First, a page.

16. Mr. John Gilbert
  17. Thomas Gilbert
  18. John Gilbert
  19. John Gingell
  20. William Hailstone
  21. George Hall
  22. William Harvey
  23. Hezekiah Hoar
  1. Robert Hobell
  2. William Holloway
  3. John Kingsley
  4. John Luther
  5. George Macey
  6. William Parker
  7. John Parker
  8. Richard Paull
  9. William Phillips
  10. Mr. William Pole
  11. The Widdo Randall
  12. John Richmond
  13. Hugh Rossitor
  14. William Scadding
  15. Anthony Slocum
  16. Richard Smith
  17. John Smith
  18. Francis Street
  19. John Strong
  20. Henry Uxley
  21. Richard Williams
  22. Benjamin Wilson
  23. Joseph Wilson

Each of the above, with the exception of Mr. John Browne, is credited with holding from six to twelve shares; twenty, twelve each; seventeen, eight each eight, six each, an aggregate of four hundred and twenty-four.

There are other lists of proprietors, which will be referred to hereafter, but we have now to do with those who in distinction from all others, are styled "the first and ancient purchasers."

1. Henry Andrews, one of the first purchasers, was admitted freeman in 1638. He was deputy in 1639, the first year any were chosen to General Court; also in 1642, 1643, 1644, 1647, 1649. On jury, 1640, 1641,1650,1652. In 1646 he was appointed on a committee composed of one from each town, "to consider of a way for defraying the charges of the magistrates' table by way of excise upon wine and other things." In 1641 he received "a grant of forty acres with six others, lying together in some convenient place for their great charges attending courts, laying out of lands and other occasions for the town." In 1645 and 1649 he was chosen to "order town affairs." In 1647, for building the meeting house he received from the town a deed of what was called "a calves pasture," and which is thus described:

Parcel or neck of land, it lying and being bounded by the Great River from the land of Richard Williams inhabitant of Taunton heading it, the said neck, at the upper corner thereof and the land of George Hall, inhabitant of Taunton, heading it at the lower corner thereof or near unto it, etc. This parcel or neck of land with its appurtionances.

In his will, dated March 13, 1652, proved February 10, 1653-54, he names wife Mary, children Henry, Mary, wife of William Hodges, Sarah, Abigail, and grandson John Hodges. He calls himself "senior and yeoman," giving to daughter Mary Hodges, wife of William Hodges, dwelling-house near his own his own and after her to his grandson, John Hodges; to his daughters, Sarah and Abigail, one hundred and thirty pounds, in the hands of John Parker, shoemaker of Boston; to his son Henry his house. To the minister of the town and to Elizabeth Harvey, one of the poor of the church, he gives something. James Wyat and Walter Deane were overseers; William Parker, James Wyat, John Gallop, witnesses. Inventory taken February 10, 1653, by Walter Deane, James Wyat, William Parker, Richard Willaims. Amount, 330 pounds, 16 shillings.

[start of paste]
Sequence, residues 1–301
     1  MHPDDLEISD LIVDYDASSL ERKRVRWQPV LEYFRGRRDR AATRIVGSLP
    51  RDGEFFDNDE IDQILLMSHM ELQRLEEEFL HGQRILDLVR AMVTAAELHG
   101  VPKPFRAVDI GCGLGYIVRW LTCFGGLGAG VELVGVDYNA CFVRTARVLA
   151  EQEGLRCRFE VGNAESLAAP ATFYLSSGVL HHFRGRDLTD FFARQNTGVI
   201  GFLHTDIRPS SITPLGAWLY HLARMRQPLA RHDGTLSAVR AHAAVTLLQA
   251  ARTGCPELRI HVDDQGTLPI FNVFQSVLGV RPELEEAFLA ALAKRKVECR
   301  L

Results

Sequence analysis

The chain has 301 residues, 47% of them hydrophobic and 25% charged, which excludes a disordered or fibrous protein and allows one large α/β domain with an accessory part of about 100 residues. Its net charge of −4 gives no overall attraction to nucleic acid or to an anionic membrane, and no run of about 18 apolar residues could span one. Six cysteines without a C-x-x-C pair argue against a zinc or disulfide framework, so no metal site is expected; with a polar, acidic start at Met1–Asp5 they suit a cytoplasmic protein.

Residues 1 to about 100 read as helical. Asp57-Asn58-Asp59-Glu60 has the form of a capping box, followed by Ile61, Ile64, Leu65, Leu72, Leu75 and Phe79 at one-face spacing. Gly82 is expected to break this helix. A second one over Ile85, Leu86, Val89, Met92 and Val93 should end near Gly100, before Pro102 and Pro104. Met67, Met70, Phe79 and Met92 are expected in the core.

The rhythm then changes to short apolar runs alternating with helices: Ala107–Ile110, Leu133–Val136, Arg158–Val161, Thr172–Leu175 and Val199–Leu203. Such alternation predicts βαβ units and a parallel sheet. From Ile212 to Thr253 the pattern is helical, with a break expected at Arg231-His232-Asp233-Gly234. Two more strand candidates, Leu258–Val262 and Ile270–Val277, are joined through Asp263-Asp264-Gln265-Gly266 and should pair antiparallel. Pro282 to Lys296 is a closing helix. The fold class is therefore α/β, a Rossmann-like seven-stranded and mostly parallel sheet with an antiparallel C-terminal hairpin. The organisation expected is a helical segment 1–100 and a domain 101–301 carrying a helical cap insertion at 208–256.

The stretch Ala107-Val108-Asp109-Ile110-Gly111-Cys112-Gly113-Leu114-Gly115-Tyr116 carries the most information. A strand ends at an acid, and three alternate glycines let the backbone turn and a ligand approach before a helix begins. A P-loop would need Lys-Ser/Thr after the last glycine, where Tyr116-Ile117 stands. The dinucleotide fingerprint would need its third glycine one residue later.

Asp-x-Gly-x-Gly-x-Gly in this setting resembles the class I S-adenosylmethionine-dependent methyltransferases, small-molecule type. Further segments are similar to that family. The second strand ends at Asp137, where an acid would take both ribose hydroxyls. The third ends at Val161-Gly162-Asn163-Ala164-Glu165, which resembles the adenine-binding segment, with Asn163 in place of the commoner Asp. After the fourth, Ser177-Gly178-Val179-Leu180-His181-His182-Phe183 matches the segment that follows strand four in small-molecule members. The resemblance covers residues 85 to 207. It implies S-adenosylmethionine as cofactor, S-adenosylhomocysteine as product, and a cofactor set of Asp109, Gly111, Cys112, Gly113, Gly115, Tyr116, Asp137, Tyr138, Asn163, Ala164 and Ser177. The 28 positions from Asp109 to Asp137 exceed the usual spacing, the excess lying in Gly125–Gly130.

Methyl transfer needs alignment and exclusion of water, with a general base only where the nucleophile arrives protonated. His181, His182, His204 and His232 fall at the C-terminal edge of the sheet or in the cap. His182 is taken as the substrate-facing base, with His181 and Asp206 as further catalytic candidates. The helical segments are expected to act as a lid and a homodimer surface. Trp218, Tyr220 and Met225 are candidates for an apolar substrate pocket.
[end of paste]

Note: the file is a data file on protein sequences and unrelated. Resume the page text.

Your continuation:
In the will of the widow, February 14, 1654-55, the son is said to be forty-three years old and Sarah is called "little." The son Henry was killed by the Indians in 1676. His home-lot was bounded "by the lands of John Strong on the north, of James Wyatt on the south, faced by the Great River on the east end and six acres more or less; also six acres on the further side of the Great river lying opposite and facing the home lot above said, bounded on the north side by the land of John Strong and on the south side by the land of John Smith now deceased." This was in the easterly part of the town. He had other lands.

The daughter Mary, widow of William Hodges, married the second time, "soon after Apr. 2, 1654," Peter Pitts.

2. John Briant was one of the settlers who died early, soon after falling a victim to the fatigue and exposure of frontier life. The date of his death is given as April 28, 1638. No one knows the place of his burial. His will, which was an oral one, was presented to the Plymouth Court June 4, 1638, by Richard Paul and William Scadding, who appeared as witnesses, to testify to hearing him declare it, only two days before his death. All his goods and chattels, he gave to his son John, except a platter and a bottle, which he gave to Richard Paul. He desired Mr. John Gilbert to take possession of everything and turn all to the best advantage for his son, who was still young. Mrs. Elizabeth Poole, Mrs. Jane Poole, William Scadding and Richard Paul were to take the inventory of all he possessed, which amounted to forty-three pounds, three shillings and three pence. The property consisted of household goods and carpenter's tools--no real estate. This was the first will admitted to probate from Taunton. The son John was admitted freeman in 1654, and his name appears as one entitled to a division of lands in 1659.